If you haven’t heard the news in politics, here it is: Donald Trump is now (basically) the Republican nominee for president of the United States.
I won’t say this marks the end times (yet), but we’re cutting it a bit close here.
The Indiana primaries Tuesday night offered up victories for Trump and Democratic hopeful Bernie Sanders. Audiences then witnessed the concession speech of former Republican hopeful Ted Cruz shortly after.
In addition, there was—at the time of this writing Monday afternoon—whispers that John Kasich, the Republican governor of Ohio, would be the next to throw in the towel.
No surprise there since he had about 150 pledged delegates compared to Cruz’s more than 500.
So what happens next?
First, the race is still likely to be tight against Trump and whoever wins the Democratic presidential nominee. Though the Democratic National Convention is said to be contested between Sanders and Hillary Clinton come July, the New York Times is taking a leap in assuming that Hillary basically has this in the bag.
Assuming this is the case, their interactive article titled “The Electoral Map Looks Challenging for Trump” predicts that Clinton could beat Trump, 347 to 191, if the poll numbers stay the same.
They offer a more extreme “what if” scenario if Trump happens to win, but even they admit that it’s rare.
In 1980, Jimmy Carter led Ronald Reagan in many polls this time of year,” the article reads. “He went on to lose by 10 points.”
Meanwhile, the latest Rasmussen poll stirred up a buzz when Trump jumped ahead of Clinton by two points in a national poll. Granted, this is one poll and only two points, but still something to keep an eye on.
So there’s a brief overview of the current situation.
We should be a little more concerned about the coming months for many reasons:
First, let us address the reality of a Trump presidency.
For those of you who have not yet seen, The Boston Globe ran a special April 9 front page mock-up that takes place in 2017. The issue, which a photo of Trump highlights dead center, features potential “what-if” headlines such as “Deportations to begin,” “Markets sink as trade war looms” and “Bank glitch halts border wall work.”
Might sound ridiculous at first glance, but so did Trump winning this nomination back in June.
It’s not likely that Trump could cause too much chaos as president since, as the GOP gridlock during Barack Obama’s presidency has taught us, the president does not have absolute power.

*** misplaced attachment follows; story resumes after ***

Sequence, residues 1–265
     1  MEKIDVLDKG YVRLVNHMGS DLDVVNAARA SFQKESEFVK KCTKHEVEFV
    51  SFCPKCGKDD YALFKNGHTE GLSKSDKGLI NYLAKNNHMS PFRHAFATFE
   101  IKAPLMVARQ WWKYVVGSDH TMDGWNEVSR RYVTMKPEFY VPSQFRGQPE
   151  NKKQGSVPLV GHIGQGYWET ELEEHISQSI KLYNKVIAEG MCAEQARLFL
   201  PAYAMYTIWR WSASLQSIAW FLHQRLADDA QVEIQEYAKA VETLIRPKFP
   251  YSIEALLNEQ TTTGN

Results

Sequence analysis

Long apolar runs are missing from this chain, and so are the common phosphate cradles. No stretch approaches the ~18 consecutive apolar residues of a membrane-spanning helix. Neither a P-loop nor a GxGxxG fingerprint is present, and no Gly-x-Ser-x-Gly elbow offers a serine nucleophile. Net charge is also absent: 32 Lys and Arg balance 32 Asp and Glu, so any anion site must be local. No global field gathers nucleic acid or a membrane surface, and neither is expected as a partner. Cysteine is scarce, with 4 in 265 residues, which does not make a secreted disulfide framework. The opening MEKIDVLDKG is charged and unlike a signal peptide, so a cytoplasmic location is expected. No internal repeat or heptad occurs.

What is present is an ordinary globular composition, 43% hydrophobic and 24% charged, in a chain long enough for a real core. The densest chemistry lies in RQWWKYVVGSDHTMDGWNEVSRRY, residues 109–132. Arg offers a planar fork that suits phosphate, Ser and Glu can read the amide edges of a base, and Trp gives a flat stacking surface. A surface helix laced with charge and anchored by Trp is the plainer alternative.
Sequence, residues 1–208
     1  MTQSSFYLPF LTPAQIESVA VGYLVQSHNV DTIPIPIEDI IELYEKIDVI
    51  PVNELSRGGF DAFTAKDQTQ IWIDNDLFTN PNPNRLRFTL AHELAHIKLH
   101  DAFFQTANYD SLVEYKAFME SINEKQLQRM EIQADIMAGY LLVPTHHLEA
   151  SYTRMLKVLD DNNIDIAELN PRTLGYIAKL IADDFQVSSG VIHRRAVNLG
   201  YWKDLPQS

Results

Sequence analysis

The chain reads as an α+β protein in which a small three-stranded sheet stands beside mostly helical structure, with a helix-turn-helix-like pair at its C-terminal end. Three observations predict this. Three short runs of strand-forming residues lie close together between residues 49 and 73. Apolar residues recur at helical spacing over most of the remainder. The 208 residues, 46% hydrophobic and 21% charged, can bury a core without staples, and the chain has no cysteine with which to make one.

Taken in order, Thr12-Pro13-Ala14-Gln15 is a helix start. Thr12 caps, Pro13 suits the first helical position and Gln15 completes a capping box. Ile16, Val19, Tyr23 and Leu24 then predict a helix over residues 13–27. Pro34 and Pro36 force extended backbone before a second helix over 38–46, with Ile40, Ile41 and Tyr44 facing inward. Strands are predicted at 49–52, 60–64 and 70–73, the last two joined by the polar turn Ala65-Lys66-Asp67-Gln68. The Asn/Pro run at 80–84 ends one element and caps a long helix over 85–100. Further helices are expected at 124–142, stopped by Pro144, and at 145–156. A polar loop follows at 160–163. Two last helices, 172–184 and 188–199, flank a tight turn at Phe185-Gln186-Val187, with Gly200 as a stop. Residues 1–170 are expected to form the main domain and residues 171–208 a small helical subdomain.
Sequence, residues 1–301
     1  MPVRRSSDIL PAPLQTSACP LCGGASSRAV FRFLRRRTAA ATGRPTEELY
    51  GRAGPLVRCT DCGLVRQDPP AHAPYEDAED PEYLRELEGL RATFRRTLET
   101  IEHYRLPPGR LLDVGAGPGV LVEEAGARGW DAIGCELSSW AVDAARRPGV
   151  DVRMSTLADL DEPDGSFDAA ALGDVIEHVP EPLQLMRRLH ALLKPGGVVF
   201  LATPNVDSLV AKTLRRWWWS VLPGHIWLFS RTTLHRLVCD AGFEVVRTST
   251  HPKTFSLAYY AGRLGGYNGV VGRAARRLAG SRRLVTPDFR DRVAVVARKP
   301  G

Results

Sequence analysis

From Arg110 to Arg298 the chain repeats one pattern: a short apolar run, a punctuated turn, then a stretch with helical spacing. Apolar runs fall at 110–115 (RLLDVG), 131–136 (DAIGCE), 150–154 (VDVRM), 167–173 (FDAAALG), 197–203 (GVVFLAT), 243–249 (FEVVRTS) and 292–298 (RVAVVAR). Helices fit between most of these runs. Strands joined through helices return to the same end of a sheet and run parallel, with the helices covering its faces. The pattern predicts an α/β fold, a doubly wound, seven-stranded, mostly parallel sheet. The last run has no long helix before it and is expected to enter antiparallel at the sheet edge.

Still, they have enough power to do significant damage (see: Reagan’s anti-marijuana executive orders from the 80s) if enough of their constituency does not oppose.
I don’t necessarily believe that Trump supporters are bad or “evil” people, but I’m more than well aware of what media messages and marketing can do to someone who’s vulnerable—I say “vulnerable” as in sad, distressed or angry because of some personal shortcoming. They want someone to blame or something to yell at, and Trump gives many folks an excellent platform for this.
Second, the Democratic party, regardless of the nominee, has to find a way to unite so a if they want a more viable candidate to win this election. I know that many Bernie supporters would never think to vote for Hillary in their lifetime, and same with Hillary supporters if Bernie receives the nomination.
But regardless, no matter who we wind up with, they’re going to be the only shot this country has against a potential Trump presidency.
I want to especially make this clear to Bernie Sanders fans:
I understand that what he’s saying is more than what we need to turn everything around right now. I also understand that, for a lack of better words, that the system appears to be more rigged than it ever should be.
On the bright side, we now know this and should expect to see more from our politicians across the board.
I even saw a speech from Paul Ryan where he admits he was wrong about his first proclamations against the so-called “welfare queen” stereotype.
“Takers wasn’t how to refer to a single mom stuck in a poverty trap, just trying to take care of her family,” Ryan said in his speech, according to March 16 transcripts from the official Speaker of the House website. “Most people don’t want to be dependent. And to label a whole group of Americans that way was wrong. I shouldn’t castigate a large group of Americans to make a point.”
Hell, if he can admit this, imagine what Hillary would be capable of if she gets more of her crap together.
The bottom line: I know we want change and gratification from these people, but it’s not going to happen overnight.
The way this election continues to unfold is at least, on the bright side of things, a huge indicator that something needs to give in.
But protesting our own votes because a desired candidate did not win the majority will be a major setback if we’re not careful. Case in point: Bernie supporters who refuse to give Hillary a shot, or Hillary supporters that won’t support Bernie in a general election.
Personally, I want to see a system that works better. But with so much at stake, we can’t be obsessed with receiving some metaphorical ice cream sundae—something that may not even exist—while our political system continues to be held hostage.
Right now, we need to figure out the best solution for everyone—a solution the majority of us can agree on.
The opinions expressed in Bassinger’s column do not necessarily represent those of The Daily Barometer staff.